After the initial rush that comes with being hired or promoted into a managerial position there’s a lot of room for dread and anxiety to set in. Some new managers have a hard time coping with the transition, since their responsibilities and efforts might be newly focused on tasks that don’t always have immediately measurable impact (mentorship, team growth, et cetera). However, some evidence suggests that people who ascend to leadership positions actually feel less stress than in their former positions when they feel that they have a raised sense of control. One of the best ways to feel confident in a new leadership position is to know what to expect, and what to focus on, before day one.
Learn as much as possible.
It can be easy to assume that a management position is a natural outgrowth of previous duties, but often these new responsibilities require new knowledge to execute effectively. Take note of any new individuals or departments you have to contact now that your duties have changed, in particular. Get a feel for any new duties or responsibilities before giving in to the urge to make all the change you dreamed of when you were at a different stage in your career.
Learn as much as possible about your team.
Effective managers have a keen understanding of everyone who they oversee, including their motivations, strengths, weaknesses, and objectives. Take some time with each team member and learn as much as possible about them. This makes it much easier to communicate with each associate, and provides a clearer picture of what will encourage each member of the team to succeed. Sometimes you will find strong talents who have been utilized poorly by previous management as well.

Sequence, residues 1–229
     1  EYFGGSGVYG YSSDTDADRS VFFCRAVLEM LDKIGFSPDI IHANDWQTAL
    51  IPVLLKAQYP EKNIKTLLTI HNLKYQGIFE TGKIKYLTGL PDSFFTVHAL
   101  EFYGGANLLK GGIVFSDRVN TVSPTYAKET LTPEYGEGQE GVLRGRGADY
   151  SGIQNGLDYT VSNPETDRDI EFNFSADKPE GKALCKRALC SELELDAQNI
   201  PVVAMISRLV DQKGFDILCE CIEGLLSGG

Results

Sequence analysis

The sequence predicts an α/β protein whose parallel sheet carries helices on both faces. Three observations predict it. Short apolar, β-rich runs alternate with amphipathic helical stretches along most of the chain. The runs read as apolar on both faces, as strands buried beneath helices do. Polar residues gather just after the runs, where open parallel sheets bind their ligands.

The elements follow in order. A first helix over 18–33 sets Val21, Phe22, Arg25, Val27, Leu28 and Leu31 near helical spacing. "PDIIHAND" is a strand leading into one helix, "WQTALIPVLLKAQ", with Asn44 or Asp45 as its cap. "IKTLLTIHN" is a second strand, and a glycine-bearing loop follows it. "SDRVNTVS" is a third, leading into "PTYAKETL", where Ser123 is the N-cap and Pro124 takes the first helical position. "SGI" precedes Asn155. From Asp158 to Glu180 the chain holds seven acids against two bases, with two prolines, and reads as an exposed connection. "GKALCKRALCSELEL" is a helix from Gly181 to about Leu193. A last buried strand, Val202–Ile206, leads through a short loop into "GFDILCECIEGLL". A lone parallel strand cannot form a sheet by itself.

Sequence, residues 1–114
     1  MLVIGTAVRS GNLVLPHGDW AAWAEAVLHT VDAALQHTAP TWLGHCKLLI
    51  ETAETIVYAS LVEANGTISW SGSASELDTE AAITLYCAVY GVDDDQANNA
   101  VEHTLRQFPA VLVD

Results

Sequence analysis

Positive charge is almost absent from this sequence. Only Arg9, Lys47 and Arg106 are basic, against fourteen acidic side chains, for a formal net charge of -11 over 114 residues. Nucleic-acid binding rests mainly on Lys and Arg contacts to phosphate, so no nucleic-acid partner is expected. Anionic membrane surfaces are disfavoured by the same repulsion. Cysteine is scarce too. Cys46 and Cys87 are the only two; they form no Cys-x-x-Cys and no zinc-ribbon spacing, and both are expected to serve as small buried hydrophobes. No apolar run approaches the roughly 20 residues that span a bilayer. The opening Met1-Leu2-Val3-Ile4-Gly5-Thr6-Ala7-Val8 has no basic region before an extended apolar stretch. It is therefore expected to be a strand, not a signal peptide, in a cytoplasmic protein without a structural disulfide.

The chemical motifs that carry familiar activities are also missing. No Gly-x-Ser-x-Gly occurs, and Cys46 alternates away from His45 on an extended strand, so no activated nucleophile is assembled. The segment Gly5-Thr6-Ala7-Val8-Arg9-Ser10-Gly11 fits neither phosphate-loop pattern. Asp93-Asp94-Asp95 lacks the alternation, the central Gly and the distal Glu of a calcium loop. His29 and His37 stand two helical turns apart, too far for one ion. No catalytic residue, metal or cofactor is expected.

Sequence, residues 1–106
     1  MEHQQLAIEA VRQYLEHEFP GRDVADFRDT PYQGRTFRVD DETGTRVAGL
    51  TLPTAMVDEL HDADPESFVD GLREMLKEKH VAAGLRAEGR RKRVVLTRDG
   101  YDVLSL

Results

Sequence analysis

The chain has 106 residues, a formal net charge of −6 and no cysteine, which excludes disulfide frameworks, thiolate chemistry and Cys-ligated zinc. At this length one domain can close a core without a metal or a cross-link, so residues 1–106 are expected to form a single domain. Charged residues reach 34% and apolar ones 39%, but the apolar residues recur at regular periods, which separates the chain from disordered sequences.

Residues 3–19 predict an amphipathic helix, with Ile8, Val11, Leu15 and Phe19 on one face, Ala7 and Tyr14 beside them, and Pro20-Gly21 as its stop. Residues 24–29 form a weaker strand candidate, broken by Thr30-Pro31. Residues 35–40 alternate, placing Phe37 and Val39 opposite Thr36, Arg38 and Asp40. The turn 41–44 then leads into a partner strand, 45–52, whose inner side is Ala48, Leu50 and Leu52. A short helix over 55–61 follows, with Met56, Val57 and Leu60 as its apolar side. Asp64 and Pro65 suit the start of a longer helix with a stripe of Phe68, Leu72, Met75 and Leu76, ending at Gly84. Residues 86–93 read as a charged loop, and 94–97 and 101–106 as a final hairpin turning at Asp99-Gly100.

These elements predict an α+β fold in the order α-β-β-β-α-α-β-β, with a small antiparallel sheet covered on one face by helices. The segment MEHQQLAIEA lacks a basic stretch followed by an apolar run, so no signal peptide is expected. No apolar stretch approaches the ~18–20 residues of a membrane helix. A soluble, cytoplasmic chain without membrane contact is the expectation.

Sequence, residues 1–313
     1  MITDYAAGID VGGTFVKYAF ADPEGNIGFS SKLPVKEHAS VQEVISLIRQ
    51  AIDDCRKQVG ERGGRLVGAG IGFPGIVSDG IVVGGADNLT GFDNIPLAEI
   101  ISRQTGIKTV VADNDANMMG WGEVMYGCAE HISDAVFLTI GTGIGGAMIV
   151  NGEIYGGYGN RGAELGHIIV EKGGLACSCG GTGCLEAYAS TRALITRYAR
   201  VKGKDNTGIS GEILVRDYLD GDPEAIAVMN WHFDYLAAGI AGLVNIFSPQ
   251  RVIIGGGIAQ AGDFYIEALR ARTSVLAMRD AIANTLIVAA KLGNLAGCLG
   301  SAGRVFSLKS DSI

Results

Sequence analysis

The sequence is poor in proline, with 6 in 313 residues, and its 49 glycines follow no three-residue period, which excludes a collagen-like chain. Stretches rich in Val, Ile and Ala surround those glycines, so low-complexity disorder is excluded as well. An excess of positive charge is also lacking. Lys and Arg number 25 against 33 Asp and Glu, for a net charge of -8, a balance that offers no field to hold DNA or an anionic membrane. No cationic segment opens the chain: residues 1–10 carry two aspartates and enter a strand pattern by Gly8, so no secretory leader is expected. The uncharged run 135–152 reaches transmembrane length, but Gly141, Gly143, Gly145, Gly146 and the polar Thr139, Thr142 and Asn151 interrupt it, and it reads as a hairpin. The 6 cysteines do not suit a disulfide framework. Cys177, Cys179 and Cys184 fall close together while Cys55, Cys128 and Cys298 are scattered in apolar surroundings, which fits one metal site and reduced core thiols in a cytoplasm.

Don’t play favorites.
On the way to the top, many sales professionals build strong friendships with those on their teams. Expectations have to change, however, when a difference in power enters the relationship. Make it clear as soon as possible that, regardless of any former entanglements, the relationship at work is now one of a team leader and team member. Hold everyone accountable to the same extent.
You’re a coach, not a batter. Start coaching.
Though a manager’s skill at selling individual clients may be what landed them a promotion, it’s not what a sales team needs. Find struggling salespeople and work with them to identify problem areas. A good manager will teach the sales team all the tricks and skills to succeed. Managers who lean in or take point when a team member comes up short ultimately slow the development of the team. Experience becomes much more valuable when shared than when used directly, as a manager.
Do your best to share information.
Many employees feel more at ease when they know why changes are made and how situations come into being. If you have information you absolutely cannot share, be as forthright about why you can’t share it as possible. The rumor mill will spin among your team members whether you provide information or not, so make sure that, where possible, the right information gets out.
Give feedback often.
If a team member’s performance begins to sag, or they consistently have problems with a certain type of client, let them know before the problem gets worse. Sometimes, those under you simply don’t know why they’re having an issue, and this gives you the chance to teach them and avoid worse effects on company sales. Many managers only provide feedback once every six months or once a year, during performance reviews, which can often damage the long-term growth of employees.
Take feedback well.
Employees, fellow managers, and your superiors should all feel capable of sharing their perspectives with you. Making yourself approachable for discussion and critique can help you find ways to improve your management technique. Don’t dismiss negative feedback or criticism out of hand, either. It can occasionally feel ridiculous, but keep track of what you hear. An isolated comment might not be a reason to completely change your management style, but if half of your team and another manager all have similar comments, it might be time to reassess your current efforts.
Encourage the traits you want to see.
Those who want a sales team full of motivated, enthusiastic people who come up with their own solutions should be supportive when team members approach them with new ideas. Be supportive when employees come to you with ideas in need of refinement. Dismissing new concepts out of hand can discourage teams from taking initiative, leading to lost opportunities.